Here are the influential voices leading the conversations where nonprofits and technology overlap.
The annual Consumer Electronics Show (CES) that takes place in Las Vegas every year is a gadget wonderland, but it’s also tech-entrepreneur nirvana. Journalists, experts, veterans and wide-eyed freshman all flock to the trade show to network and pick up pearls of wisdom from their entrepreneurial heroes.
With that in mind, Tony Hsieh, the CEO of Zappos, probably qualifies as the e-commerce version of Superman.
During a talk with Startup America, Hsieh explained how he came to understand that a defined, focused and aligned company culture was key to making a startup successful. He learned this lesson firsthand when he worked at LinkExchange, an online banner advertising cooperative that was acquired by Microsoft in 1998.
LinkExchange, which Hsieh started with his college roommate in 1996, suffered a slow erosion of company culture. It got so bad that Hsieh began dreading going to work at his own company, he explained.
This death of the company culture shook things up so badly that it led Hsieh and his co-founder to sell the company.
“When it was just 5 or 10 of us, even when it was 20 of us, it was actually a lot of fun. We were hiring friends, and friends of friends, and working around the clock and growing.” Hsieh said.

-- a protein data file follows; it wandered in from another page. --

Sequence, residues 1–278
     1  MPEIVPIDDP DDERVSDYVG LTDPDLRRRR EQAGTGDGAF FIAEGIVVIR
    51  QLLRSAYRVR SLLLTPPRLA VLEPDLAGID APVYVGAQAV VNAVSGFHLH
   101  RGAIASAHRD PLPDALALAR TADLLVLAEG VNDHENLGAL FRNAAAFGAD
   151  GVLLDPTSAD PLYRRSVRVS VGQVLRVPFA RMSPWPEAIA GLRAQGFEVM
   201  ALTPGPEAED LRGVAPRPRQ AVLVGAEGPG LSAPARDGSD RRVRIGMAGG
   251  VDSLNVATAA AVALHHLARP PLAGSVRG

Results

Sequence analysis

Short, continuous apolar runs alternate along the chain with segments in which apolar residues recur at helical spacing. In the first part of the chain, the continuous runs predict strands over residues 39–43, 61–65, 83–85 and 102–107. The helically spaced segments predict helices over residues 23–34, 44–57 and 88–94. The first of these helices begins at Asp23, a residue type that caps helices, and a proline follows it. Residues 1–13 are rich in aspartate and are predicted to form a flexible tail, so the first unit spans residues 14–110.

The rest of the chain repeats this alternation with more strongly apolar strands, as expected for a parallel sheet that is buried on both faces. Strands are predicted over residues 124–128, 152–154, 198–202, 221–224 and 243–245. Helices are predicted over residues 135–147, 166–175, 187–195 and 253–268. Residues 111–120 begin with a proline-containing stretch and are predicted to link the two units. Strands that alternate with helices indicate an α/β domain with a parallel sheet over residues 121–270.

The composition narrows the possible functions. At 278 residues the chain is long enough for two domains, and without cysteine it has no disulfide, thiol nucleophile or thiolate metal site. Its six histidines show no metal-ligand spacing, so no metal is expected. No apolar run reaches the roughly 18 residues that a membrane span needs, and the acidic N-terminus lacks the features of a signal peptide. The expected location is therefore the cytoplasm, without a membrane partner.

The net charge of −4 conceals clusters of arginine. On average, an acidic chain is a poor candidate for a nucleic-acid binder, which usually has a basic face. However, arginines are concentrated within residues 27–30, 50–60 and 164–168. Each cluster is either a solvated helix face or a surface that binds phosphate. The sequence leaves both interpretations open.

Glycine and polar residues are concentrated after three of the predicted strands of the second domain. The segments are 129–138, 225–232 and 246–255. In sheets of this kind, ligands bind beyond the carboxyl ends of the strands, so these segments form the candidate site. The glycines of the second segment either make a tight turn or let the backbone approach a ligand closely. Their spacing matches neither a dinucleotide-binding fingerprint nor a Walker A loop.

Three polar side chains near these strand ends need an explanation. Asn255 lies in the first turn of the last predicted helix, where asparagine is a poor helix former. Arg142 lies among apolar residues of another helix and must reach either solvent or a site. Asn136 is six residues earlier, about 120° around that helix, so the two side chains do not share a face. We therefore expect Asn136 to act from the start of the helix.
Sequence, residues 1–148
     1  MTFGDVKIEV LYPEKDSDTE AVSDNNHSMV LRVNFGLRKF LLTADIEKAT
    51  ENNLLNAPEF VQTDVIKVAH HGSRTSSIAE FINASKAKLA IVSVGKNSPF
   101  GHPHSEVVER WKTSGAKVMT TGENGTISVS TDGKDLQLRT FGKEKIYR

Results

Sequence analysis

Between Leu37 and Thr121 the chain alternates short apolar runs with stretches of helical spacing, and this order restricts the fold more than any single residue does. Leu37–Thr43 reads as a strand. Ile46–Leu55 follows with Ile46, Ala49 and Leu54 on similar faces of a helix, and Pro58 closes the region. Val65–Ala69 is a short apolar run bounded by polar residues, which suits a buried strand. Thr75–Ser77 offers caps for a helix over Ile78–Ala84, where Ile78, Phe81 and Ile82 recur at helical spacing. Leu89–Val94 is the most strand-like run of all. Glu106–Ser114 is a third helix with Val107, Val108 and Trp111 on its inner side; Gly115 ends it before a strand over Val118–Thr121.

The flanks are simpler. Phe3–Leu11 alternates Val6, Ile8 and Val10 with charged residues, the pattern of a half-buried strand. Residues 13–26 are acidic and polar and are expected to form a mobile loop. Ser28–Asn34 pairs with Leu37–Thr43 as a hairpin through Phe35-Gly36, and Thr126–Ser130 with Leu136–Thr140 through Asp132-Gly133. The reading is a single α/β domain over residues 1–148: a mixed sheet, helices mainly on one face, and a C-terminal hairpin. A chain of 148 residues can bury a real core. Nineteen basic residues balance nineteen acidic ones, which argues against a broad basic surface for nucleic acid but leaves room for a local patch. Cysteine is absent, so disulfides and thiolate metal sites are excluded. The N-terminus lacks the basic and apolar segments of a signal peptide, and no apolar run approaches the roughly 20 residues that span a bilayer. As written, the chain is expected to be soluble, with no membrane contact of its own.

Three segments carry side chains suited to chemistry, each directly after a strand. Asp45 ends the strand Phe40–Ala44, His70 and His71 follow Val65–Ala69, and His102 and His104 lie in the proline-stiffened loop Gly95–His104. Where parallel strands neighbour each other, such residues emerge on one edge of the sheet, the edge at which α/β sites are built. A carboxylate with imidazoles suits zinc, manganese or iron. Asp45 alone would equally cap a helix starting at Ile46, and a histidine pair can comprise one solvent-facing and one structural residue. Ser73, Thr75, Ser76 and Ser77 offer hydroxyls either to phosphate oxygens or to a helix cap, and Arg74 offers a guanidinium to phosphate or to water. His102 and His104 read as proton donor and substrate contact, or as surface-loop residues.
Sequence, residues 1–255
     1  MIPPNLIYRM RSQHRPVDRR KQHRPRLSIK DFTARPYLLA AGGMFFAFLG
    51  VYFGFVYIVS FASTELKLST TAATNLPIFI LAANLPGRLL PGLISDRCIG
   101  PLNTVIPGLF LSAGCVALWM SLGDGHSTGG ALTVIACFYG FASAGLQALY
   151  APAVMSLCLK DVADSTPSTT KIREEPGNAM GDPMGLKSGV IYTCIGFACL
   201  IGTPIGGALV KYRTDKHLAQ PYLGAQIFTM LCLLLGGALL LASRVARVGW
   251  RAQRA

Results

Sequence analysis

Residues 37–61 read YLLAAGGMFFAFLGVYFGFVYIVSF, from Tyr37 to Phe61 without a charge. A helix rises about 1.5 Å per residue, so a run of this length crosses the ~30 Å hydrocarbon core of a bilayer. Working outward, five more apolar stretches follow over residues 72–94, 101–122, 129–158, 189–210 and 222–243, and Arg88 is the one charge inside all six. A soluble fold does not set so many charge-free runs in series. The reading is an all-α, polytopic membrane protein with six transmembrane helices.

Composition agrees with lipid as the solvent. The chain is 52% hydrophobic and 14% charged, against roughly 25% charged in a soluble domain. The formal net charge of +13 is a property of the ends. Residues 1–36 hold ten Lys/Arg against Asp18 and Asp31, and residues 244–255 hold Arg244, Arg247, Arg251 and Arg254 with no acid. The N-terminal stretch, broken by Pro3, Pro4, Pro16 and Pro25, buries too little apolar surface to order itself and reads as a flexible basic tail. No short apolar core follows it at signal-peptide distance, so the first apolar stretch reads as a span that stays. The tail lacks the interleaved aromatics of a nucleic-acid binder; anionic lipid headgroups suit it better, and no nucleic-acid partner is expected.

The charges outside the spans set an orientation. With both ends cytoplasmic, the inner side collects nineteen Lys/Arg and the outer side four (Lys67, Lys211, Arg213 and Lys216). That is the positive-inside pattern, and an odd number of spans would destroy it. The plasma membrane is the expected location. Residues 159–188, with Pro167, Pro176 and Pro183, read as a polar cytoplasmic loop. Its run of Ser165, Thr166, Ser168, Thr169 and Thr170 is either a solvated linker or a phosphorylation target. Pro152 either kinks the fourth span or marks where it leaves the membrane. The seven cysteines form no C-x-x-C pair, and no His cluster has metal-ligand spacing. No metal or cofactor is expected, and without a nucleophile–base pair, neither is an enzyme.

“At some point, we made one hire that wasn't maybe great for the culture, and then that person made other hires, and then when we went from 20 to 100 employees, the company culture just kind of slowly started going downhill,” Hsieh added.
Zappos is known for its airtight focus on providing the ultimate customer service experience. And getting Zappos employees to align with this single cause is why Hsieh and Zappos continue to flourish today, he says.
While customer service as an ideal has worked for Zappos, Hsieh points out that what unites a company doesn’t matter, so long as the company is united.
“Companies that have strong cultures actually outperform companies that don’t, all other things being equal in the long run,” he said. “What the research has shown is that it actually doesn't matter what your values are. What matters is that you actually have them and that you commit to them as an organization.”
Watch the video of Hsieh’s chat with Startup America CEO Scott Chase at CES 2013 below.